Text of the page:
illustration of developing human baby at 8 weeks

8 weeks pregnant

For more information about week 8 in a twin or multiple pregnancy, tap here.

At eight weeks pregnant, Baby is dancing up a storm and won’t be an embryo for much longer!

How’s Baby?

Baby is in their last few days of being an embryo, which means that the brand new, teeny tiny internal organs and systems under their see-through skin are almost all formed, though they’ll continue to develop over the next several months. That tail is also celebrating its last hurrah and will soon disappear completely. Baby’s webbed fingers and toes are poking out from their little limbs, which are growing longer every day. And your little one’s facial features are becoming more prominent, as their lips, nose, and eyelids look increasingly human-like. Your strawberry-sized bundle of joy is also moving around like crazy, although you almost certainly cannot feel it. Baby’s head, still tiny compared to yours but large in proportion to the rest of their body, now makes up half their total body weight!

What’s new with you?

If you’re noticing new growth in your midsection, it may not be a baby bump just yet. At this point, it’s probably just water retention. While you might not be showing yet, your uterus has already started growing, and that growth is only going to speed up in the coming weeks!

If you haven’t experienced any morning sickness yet, there’s a good chance you’re not going to — lucky you! And if you’ve been experiencing cravings, you’re not alone. Many pregnant folks experience cravings during pregnancy. Cravings are a lot like aversions in that we don’t know exactly what causes them, though it seems likely that it’s got something to do with all the hormones coursing through your body. One theory is that cravings point out nutrients you need more of in your life. Cravings probably also have as much to do with your need for stress relief or your heightened sense of smell as they do with anything else. Keep in mind that cravings are not your enemy — they’re a normal part of pregnancy. So whether you’re craving spicy sweet potatoes or caramel ice cream, an oat milk latte or pan-fried tilapia, if you want to follow through on those cravings, know that it’s okay to do so. (Though if you’re craving non-food items, like dirt or paint, be sure to speak to your healthcare provider, as you may be experiencing something called pica.) Remember that when it comes to your diet, it’s really all about doing your best during this tricky phase.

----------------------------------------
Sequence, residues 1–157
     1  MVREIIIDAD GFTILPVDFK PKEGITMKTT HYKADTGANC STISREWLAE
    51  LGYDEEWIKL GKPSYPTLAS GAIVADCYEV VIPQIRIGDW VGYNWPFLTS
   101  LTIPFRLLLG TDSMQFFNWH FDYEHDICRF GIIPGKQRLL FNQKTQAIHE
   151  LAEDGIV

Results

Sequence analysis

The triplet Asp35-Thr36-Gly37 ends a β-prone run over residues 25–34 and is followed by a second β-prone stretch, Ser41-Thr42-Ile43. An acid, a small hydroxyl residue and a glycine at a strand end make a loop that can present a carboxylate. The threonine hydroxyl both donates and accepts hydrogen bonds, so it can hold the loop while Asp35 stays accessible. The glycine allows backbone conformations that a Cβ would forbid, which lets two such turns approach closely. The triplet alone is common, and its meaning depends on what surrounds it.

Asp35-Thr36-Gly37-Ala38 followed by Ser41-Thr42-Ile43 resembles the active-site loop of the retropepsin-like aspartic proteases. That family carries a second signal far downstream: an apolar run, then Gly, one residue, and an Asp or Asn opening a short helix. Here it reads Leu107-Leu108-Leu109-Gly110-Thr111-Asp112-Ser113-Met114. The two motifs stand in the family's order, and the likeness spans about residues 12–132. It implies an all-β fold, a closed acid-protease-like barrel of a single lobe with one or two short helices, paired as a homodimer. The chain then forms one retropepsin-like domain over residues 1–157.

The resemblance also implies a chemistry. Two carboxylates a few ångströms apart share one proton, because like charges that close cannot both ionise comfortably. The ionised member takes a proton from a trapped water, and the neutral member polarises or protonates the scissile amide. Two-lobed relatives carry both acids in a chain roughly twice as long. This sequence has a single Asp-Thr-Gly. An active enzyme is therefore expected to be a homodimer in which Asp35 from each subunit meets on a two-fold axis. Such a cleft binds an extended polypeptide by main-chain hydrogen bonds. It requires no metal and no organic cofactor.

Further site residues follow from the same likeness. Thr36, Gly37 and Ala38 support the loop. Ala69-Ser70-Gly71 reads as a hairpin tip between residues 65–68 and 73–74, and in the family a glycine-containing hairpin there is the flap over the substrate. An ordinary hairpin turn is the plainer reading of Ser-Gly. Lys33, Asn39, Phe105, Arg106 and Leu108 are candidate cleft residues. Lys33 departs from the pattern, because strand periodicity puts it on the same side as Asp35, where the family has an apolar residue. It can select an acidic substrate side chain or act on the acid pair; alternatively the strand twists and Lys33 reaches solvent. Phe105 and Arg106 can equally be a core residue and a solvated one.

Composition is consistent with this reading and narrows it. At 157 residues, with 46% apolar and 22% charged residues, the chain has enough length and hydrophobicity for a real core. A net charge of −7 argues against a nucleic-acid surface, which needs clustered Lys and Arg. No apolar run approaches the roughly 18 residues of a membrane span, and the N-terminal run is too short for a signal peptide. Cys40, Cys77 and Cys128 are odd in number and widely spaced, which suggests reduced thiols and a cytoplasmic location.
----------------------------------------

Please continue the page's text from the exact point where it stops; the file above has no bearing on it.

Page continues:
But if eating is a struggle right now and you’re feeling rather nauseous — and for many folks, morning sickness can be rather rough at this time — try sucking on sour candy, sipping flavored water or switching to a chewable prenatal vitamin. You might also consider eating smaller meals while increasing the number of times you eat throughout the day, also called grazing. And if your morning sickness is really disrupting your life or you are concerned about dehydration, speak to your provider.

If you don’t typically engage in physical activity or just haven’t been feeling up to it recently, you may want to see if you can do a half hour of light exercise or some gentle movement each day. Doing some movement that you feel good about can help you feel much better overall.

Lastly, your first OB provider appointment may have occurred or is coming right up. Early and consistent prenatal care is one of the best ways to stay healthy, so way to go! If your provider hasn’t mentioned it yet, you may want to start thinking about genetic testing. As early as 9 weeks along, you may elect to do non-invasive pregnancy testing (NIPT) to screen for certain chromosome differences and find out your baby’s sex.

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Reviewed by the Ovia Health Clinical Team
Read more
  • E Ernst, MH Pittler. “Efficacy of ginger for nausea and vomiting: a systematic review of randomized clinical trials.” British Journal of Anaesthesia. 84(3):367-71. Web. Mar-00.
  • JF Clapp III. “The course of labor after endurance exercise during pregnancy.” American Journal of Obstetrics and Gynecology. 163(6 Pt 1):1799-805. Web. Dec-90.
  • “Weight Gain During Pregnancy: Number 548.” ACOG. American College of Obstetricians and Gynecologists. 2020. Web.

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